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Volume 6, Issue 1, 2005
Volume 6 Issue 1 2005
Introduction: There is ongoing controversy regarding the appropriate use of narcotic analgesia for patients presenting frequently to the emergency department (ED) with subjective acute exacerbations of pain. "Are we treating pain or enabling addiction?”
Objectives: To determine whether the presence o f specific factors could be used to identify adults complaining of acute exacerbations of pain for suspected drug addiction, to estimate the percentage of drug addicted patients, to assess the physicians’ ability to detect drug addiction and to evaluate interrater reliability.
Methods: A Drug Abuse Screening Test (DAST-20) was administered to 76 ED patients who presented with acute exacerbations of pain and either multiple ED visits for similar pain complaints, specific narcotic requests, or “allergies to non-narcotics. The DAST-20 was also administered to 74 age-matched controls. Treating ED physicians rated their suspicion for drug addiction using a visual analog scale (VAS).
Results: The overall estimation of drug addiction based on the DAST-20 survey was 17.3% (26/150). Twenty-one percent (16/76) of the analgesia subjects and 13.5% (10/74) of the control subjects scored positive for drug addiction as measured by the DAST-20. Of the analgesia subjects with positive DAST-20 scores for drug addiction, 43.8% (7/16) had multiple ED visits, 43. 8% (7/16) requested specific narcotics and 6.3% (1/16) reported “allergies” to non-narcotics. There was no correlation between the VAS scores and the DAST-20 scores. There was a significant correlation between resident and attending VAS scores for their suspicion for drug addiction.
Conclusion: There exists a clinically significant drug addiction problem among ED patients presenting with acute exacerbations of pain and among low-acuity patients who do not present to the ED for pain management.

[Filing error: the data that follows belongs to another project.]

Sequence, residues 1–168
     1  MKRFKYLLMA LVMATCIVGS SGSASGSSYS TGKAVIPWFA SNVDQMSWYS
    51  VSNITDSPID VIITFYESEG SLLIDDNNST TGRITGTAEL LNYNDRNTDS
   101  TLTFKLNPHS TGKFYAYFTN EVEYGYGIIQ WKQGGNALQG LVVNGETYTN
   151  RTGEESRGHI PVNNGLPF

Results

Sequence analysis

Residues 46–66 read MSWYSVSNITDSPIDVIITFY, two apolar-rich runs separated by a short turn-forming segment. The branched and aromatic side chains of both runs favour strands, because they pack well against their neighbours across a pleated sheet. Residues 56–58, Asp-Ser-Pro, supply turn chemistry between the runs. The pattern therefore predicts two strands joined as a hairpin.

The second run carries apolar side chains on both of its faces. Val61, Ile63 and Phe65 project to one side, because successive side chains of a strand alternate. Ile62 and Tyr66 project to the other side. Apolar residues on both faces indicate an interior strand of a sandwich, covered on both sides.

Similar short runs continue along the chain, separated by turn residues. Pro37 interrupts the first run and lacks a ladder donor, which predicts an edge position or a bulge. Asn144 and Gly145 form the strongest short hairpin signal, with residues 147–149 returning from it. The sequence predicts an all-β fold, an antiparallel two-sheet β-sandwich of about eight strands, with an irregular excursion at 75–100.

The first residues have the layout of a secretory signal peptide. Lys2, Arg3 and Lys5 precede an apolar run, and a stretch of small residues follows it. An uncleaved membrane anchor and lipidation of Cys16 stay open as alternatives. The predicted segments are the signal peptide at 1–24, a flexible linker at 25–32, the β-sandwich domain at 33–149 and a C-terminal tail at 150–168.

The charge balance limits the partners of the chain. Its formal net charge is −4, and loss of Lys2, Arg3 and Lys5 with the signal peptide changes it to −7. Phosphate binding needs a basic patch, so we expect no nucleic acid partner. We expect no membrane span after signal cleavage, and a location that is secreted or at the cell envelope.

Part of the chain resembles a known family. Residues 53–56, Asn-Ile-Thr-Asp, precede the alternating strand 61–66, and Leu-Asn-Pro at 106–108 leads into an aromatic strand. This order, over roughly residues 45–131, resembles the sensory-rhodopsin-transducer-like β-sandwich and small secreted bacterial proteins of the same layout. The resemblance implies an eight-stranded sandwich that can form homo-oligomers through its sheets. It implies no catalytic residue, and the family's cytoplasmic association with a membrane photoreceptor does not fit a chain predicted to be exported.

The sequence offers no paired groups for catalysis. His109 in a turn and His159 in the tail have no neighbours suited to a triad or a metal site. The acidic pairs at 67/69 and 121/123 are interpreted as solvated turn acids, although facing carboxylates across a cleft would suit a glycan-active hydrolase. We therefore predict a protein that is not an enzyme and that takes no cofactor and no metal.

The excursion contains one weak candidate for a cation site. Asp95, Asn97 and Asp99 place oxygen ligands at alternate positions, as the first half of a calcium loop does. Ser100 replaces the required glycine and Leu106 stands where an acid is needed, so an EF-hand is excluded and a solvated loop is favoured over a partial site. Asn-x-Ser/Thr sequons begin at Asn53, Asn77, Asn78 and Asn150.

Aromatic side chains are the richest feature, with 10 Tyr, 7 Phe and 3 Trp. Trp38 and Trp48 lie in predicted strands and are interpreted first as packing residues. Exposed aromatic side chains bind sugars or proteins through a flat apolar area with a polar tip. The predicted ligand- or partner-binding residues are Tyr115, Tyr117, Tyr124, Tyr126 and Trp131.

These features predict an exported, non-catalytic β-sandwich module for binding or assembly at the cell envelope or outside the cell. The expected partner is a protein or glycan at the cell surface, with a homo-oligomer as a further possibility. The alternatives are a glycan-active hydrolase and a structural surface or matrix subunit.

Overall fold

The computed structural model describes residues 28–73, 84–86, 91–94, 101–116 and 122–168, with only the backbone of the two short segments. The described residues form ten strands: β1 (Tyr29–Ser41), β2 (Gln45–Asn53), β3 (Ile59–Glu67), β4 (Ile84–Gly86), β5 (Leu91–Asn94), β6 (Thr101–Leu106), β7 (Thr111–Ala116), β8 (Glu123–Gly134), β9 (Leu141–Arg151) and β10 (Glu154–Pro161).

Patient satisfaction must be a priority in emergency departments (EDs). The care provided by residents forms much of the patient contact in academic EDs.
Objective: To determine if monetary incentives for emergency medicine (EM) residents improve patient satisfaction scores on a mailed survey.
Methods: The incentive program ran for nine months, 199-2000. Press-Ganey survey responses from ED patients in 456 hospitals; 124 form a peer group of larger, teaching hospitals. Questions relate to: 1) waiting time, 2) taking the problem seriously, 3) treatment information, 4) home care concerns, 5) doctor’s courtesy, and 6) concern with comfort. A 5-point Likert scale ranges from “very poor” (0 points) to “very good” (100) Raw score is the weighted mean, converted to a percentile vs. the peer group. Incentives were three-fold: a year-end event for the EM residents if 80th percentile results were achieved; individual incentives for educational materials of $50/resident (50th percentile), $100 (60th), $150 (70th), or $200 (80th); discount cards for the hospital’s espresso cart. These were distributed by 11 EM faculty (six cards/month) as rewards for outstanding interactions. Program cost was <$8,000, from patient-care revenue. Faculty had similar direct incentives, but nursing and staff incentives were ill defined and indirect.
Results: Raw scores ranged from 66.1 (waiting time) to 84.3 (doctor’s courtesy) (n=509 or ~7.2% of ED volume). Corresponding percentiles were 20th-43rd (mean=31st). We found no difference between the overall scores after the incentives, but three of the six questions showed improvement, with one, “doctors’ courtesy,” reaching 53rd percentile reward.
Conclusions: Incentives are a novel idea to improve patient satisfaction, but did not foster overall Press-Ganey score improvement. We did find a trend toward improvement for doctor patient interaction scores. Confounding variables, such as increasing patient census, could account for inability to demonstrate positive effect.